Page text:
much more useful book, containing both dances and tunes (melody line
only) for over 300 dances, along with the usual dose of etiquette and
typical Wilson lamentation about the state of the modern ballroom.

>I wonder if anyone knows anything about the history of this dance and
>its adoption by the Society; is it possible that it was originally
>known under another name? Book 21 doesn't have any further notes.

I have absolutely no clue about the history of the modern version or
its adoption by the Society; I am a dance historian with little
knowledge of 20th century forms. But I can tell you how the various
versions in Companion would be danced. I think the third figure given
must be the one you want, since it's the only one with a poussette,
but I'll give you all three.

paraphrasing from Companion to the Ballroom:

tune is two parts, A & B, each eight bars
it is labelled "Scotch" and marked "Allegretto" for tempo
title is "My Only Joe & Deary O"

Three possible figures are given; all would be danced in triple minor form
(standard for this period).

1. Single figure (tune played AB)
8b Hey on your own sides
4b Lead down the middle up again [progressive]
4b Allemande

My notes:
- lead down and up is done holding two hands with sideways steps; you
slide down between the third couple then back to second place
- Wilson's allemande is a sort of dos a dos; you go back to back halfway
then turn forward to return to places. This not-really-a-dos-a-dos is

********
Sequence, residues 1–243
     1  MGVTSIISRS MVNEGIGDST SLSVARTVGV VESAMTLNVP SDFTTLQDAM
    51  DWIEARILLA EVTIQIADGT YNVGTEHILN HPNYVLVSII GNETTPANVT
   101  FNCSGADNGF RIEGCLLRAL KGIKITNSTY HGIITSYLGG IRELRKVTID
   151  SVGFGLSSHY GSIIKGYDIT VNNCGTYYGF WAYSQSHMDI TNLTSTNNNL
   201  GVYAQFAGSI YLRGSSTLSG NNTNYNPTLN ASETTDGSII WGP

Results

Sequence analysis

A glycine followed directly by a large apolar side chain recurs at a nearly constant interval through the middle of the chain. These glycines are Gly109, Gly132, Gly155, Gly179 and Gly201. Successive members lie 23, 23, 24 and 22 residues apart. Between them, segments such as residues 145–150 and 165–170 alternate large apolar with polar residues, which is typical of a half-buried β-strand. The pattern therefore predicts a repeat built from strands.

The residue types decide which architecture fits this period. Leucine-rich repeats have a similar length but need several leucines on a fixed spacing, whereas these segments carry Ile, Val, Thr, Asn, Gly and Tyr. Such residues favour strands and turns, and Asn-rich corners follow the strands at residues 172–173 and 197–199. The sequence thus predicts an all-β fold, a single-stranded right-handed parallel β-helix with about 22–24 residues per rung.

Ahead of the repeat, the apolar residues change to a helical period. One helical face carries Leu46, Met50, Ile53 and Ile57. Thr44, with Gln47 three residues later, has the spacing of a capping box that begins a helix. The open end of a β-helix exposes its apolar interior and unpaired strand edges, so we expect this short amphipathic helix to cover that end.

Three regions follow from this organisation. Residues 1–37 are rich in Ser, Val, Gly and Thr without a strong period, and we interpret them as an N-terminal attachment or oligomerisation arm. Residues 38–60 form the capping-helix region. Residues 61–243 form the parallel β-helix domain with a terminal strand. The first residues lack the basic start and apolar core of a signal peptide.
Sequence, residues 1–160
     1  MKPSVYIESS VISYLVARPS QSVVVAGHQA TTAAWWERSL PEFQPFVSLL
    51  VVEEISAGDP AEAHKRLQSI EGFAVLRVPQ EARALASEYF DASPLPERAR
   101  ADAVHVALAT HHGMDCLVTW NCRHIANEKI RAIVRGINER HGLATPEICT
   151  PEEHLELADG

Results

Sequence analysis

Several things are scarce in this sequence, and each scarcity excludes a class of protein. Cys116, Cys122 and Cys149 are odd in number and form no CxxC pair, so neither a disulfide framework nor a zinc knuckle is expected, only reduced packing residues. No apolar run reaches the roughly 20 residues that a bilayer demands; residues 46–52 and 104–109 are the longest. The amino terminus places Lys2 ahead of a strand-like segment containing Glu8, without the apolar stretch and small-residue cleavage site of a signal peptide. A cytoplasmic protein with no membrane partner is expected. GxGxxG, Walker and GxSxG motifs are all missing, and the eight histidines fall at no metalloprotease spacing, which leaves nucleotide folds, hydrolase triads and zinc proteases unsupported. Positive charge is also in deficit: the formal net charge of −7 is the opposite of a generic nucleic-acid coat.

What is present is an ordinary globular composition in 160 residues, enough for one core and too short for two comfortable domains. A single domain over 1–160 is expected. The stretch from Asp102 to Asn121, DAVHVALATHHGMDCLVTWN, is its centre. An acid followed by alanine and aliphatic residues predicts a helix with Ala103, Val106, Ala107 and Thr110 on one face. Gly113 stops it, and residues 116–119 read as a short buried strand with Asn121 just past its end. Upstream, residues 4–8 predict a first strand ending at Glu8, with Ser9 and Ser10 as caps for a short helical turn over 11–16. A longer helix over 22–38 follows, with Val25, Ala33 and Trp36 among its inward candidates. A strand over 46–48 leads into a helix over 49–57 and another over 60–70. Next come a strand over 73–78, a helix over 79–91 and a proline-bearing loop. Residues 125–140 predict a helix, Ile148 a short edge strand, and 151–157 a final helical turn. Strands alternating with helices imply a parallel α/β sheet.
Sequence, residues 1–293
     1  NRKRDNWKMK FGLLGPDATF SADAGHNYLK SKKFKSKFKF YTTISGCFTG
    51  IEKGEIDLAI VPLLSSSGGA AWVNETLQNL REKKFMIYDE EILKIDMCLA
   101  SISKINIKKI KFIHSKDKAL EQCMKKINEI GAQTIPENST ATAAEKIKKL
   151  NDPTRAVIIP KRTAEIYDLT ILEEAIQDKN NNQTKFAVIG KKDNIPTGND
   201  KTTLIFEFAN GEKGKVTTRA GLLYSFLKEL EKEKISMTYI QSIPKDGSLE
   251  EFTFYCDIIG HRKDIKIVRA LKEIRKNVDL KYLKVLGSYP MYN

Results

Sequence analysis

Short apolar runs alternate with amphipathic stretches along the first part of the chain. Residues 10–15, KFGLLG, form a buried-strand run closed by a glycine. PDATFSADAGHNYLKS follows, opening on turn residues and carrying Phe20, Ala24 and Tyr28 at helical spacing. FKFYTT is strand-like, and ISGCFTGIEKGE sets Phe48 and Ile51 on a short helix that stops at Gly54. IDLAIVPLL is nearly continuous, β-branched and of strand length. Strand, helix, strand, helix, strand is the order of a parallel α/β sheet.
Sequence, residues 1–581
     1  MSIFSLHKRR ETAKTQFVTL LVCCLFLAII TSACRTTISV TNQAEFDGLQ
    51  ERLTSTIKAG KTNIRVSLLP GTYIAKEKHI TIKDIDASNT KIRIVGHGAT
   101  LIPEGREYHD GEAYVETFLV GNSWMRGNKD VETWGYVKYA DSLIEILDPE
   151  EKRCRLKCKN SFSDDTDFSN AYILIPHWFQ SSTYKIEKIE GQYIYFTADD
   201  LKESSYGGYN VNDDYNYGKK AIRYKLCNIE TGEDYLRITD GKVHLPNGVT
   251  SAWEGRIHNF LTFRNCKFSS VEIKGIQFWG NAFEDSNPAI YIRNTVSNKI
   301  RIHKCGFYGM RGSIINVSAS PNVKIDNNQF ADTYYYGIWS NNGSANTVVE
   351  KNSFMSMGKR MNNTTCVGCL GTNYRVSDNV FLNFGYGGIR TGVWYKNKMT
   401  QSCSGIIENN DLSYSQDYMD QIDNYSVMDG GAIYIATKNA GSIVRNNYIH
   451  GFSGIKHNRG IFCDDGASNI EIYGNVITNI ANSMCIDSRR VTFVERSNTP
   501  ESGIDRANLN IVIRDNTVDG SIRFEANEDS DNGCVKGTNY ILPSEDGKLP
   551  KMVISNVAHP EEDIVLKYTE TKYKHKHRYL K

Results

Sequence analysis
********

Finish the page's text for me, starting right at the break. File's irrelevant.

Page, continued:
typical for a Regency "dos a dos". This would be active couple only.
- lead down and up and allemande is one of the most common progressive
figures for this era

2. Single figure (AB)
4b Swing with right hands round second couple [progressive]
4b Right and left with third couple
4b Lead through the top couple
4b Turn your partner

My notes:
- swing with right hands means go all the way around with right hands then
cast down your own side to second place.
- Right and left in Wilson is a tricky figure; my current interpretation
is that it is a very fast circular hey done without hands, starting by
passing right shoulders with your partner. Wilson describes it as
both sets of corners changing places and back simultaneously, which
pretty much works out to the same thing when you actually try it. It is
definitely NOT the modern right and left with hands.
- turn your partner means two hands in Wilson; this would be the active
couple only.

3. Double figure (tune played AABB)
8b The three ladies lead round the gents
8b The three gents lead round the ladies
8b Promenade three couples
8b Whole poussette [progressive]

My notes:
- while the ladies or gents are leading round, the other gender moves